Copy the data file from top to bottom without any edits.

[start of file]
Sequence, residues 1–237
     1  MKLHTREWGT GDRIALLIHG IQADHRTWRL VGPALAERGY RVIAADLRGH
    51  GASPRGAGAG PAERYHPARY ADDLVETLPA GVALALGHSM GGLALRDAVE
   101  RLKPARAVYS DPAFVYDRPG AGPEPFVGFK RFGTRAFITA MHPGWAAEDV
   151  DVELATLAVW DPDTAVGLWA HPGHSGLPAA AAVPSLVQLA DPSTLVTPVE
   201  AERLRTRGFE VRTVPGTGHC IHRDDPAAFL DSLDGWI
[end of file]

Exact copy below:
Sequence, residues 1–237
     1  MKLHTREWGT GDRIALLIHG IQADHRTWRL VGPALAERGY RVIAADLRGH
    51  GASPRGAGAG PAERYHPARY ADDLVETLPA GVALALGHSM GGLALRDAVE
   101  RLKPARAVYS DPAFVYDRPG AGPEPFVGFK RFGTRAFITA MHPGWAAEDV
   151  DVELATLAVW DPDTAVGLWA HPGHSGLPAA AAVPSLVQLA DPSTLVTPVE
   201  AERLRTRGFE VRTVPGTGHC IHRDDPAAFL DSLDGWI